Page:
INTRAVITREAL INJECTIONS Adapted from the Consensus Statement of the Vitreo-Retina Society of the Philippines on Intravitreal Injection Technique 2013 1 and the Preferred Practice Guidelines of American Academy of Ophthalmology 20142 BACKGROUND/DEFINITION Intravitreal injections are the infusion of a pharmacologic agent into the vitreous cavity with the use of a syringe and needle, penetrating the sclera through the pars plana. They are used to treat a variety of conditions. These include endophthalmitis, intraocular lymphoma, cytomegalovirus (CMV) retinitis, submacular hemorrhage, vitreous hemorrhage, macular edema due to retinal vascular occlusive disease, diabetic retinopathy and neovascular age-related macular degeneration (AMD) The introduction of Anti-VEGF agents which include pegatanib (Macugen®), ranibizumab (Lucentis®), Aflibercept (Eylea®), . dexamethasone (Ozurdex®), an intravitreal implant and Bevacizumab (Avastin®) in an off-label use; has increased the frequency of intravitreal injections both locally and overseas. The above mentioned intravitreal anti-VEGF agents provide a more effective treatment for centerinvolved Clinically Significant Macular Edema (CSME) from Diabetic Retinopathy and for macular edema associated with retinal vein occlusion and for Neovascular AMD.2-18 RECOMMENDATIONS FOR PATIENT CARE The Eye MD performing the procedure should have received training in the technique from a training institution accredited by the Philippine Board of Ophthalmology . The specific guidelines for intravitreal injections have been developed by the VRSP in its Consensus statement .19,20
PROCEDURE Pre- injection: 1) Establish an accurate diagnosis 2) Develop a treatment plan 3) Obtain informed consent.21 The consent form should include the name of the drug to be injected, the indication for injection, the potential risks and benefits of the use of anti-VEGF agents and of the procedure itself. These must be fully explained and understood by the patient. A consent form specific for an individual drug is likewise recommended. 4) Assess the patient for any condition that could increase complications from the intravitreal injection (e.g. pre-existing glaucoma, active infection, allergies to povidone-iodine)22 Currently, there is no data that indicates anticoagulant use will affect visual outcomes after intravitreal injection. However, there is an increased likelihood of subconjunctival hemorrhage at the site of injection. 5) Medical Clearance.
The benefits, risks and indications of anti-VEGF injections should be carefully reconsidered in the following situations: i. Patients with a history of myocardial infarction, any cardiac event requiring hospitalization, stroke, transient ischemic attack, or treatment for acute congestive heart failure within the past 4 months. ii. Major surgery within 28 days iii. Uncontrolled hypertension iv. Pregnancy Necessity for medical clearance is at the discretion of the attending ophthalmologist. While arteriothromboembolic events have been reported, the direct causative relation between stroke and intravitreal anti-VEGF injection use has not been established.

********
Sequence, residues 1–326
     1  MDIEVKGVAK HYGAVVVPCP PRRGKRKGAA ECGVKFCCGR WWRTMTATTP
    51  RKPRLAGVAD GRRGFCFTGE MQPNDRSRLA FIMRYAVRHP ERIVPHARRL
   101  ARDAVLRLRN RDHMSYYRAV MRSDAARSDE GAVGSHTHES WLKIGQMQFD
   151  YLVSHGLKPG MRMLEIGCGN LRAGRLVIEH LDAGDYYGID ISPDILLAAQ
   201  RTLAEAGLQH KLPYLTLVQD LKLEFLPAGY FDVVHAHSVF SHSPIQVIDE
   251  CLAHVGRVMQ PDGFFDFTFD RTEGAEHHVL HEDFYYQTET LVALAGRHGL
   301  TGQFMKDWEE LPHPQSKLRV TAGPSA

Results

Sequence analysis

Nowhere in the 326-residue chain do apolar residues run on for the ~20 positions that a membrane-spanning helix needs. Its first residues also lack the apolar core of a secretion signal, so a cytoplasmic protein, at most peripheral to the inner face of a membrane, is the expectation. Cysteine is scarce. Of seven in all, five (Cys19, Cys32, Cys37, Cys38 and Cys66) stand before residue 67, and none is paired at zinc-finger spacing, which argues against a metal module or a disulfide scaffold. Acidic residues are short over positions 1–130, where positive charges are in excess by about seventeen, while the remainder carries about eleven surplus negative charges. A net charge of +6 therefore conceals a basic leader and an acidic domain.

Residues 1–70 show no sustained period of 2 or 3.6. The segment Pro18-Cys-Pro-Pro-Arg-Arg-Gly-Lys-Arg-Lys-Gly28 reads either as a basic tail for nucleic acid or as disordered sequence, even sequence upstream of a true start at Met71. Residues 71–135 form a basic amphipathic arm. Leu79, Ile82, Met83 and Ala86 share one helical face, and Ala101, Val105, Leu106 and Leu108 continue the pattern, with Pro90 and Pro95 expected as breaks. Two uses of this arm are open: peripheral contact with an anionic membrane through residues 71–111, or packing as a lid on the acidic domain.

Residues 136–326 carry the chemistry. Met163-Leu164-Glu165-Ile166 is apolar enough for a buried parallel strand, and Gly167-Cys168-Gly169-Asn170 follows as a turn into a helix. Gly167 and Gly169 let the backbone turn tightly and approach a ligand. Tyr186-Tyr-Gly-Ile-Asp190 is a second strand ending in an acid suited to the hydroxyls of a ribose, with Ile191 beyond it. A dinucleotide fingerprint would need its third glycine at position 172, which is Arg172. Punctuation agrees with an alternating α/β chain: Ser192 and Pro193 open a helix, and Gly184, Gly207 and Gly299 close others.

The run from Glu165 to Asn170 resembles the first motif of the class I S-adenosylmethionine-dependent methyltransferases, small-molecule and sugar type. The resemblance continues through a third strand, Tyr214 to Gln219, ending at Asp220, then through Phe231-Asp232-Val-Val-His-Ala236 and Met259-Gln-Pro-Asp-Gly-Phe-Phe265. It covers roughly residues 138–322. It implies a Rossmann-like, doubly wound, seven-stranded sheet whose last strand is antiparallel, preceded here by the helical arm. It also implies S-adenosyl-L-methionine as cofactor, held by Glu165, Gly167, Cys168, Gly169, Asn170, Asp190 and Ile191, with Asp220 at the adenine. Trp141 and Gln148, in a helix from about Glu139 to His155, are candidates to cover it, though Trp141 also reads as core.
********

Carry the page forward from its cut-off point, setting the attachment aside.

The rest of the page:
Injection 1) Clinical setting of care. It is recommended that the procedure be performed in an operating theater or in a room/facility specifically dedicated for intravitreal injections. 2) Surgical Site Preparation a. Intravitreal injections are intraocular procedures that merit equal attention to adherence to principles of asepsis and sterile technique as for conventional intraocular surgeries. b. As part of the World Health Organization Surgical Safety Checklist, “time-out” or surgical site marking is recommended. c. There is no evidence to support that the instillation of a topical antibiotic solution prior to injection reduces the risk of subsequent intraocular infection d. Pre-operative disinfection of the peri-ocular skin with 10% povidoe iodine and a minimum exposure time of 3 minutes is suggested. 10% aqueous chlorhexidine may be used as an alternative in patients with hypersensitivity to povidone iodine. e. The use of newly opened bottle of topical anesthetic is recommended. f. 5% povidone iodine should be applied onto the conjunctival cul-de-sac or lower fornix with a minimum contact time of 30 seconds. g. The use of a sterile solid-blade lid speculum or any type of occlusive dressing is recommended to isolate the lashes from the site of injection. 3) Injection of a Single Eye a. As part of good surgical practice, the use of a sterile eye sheet or equivalent drapes, the donning of sterile surgical gloves and the wearing of a surgical mask are advised. b. The injection site should be 3 to 3.5 mm from the corneoscleral limbus for aphakic and pseudophakic eyes, and 3.5 to 4 mm for phakic eyes. c. The use of a sterile 30-gauge needle is recommended for intravitreal injection of anti-VEGF drugs d. The needle should be inserted transconjunctivally through the sclera at the pars plana with the tip aimed toward the center of the globe to avoid the posterior lens. 2 e. Once the needle is withdrawn, the ophthalmologist may apply a sterile cotton applicator to prevent reflux of liquid vitreous. f. The ophthalmologist should assess central retinal artery perfusion by checking for gross vision or venous pulsation via indirect ophthaloscopy. g. Anterior chamber paracentesis may be performed in cases with evidence of a sustained rise in intraocular pressure. h. There is no evidence that the instillation of post-injection antibiotics confers additional benefit in reducing the risk of endophthalmitis following intravitreal injections. 4) Bilateral same day injection. a. Each eye should be prepared with povidone iodine separately.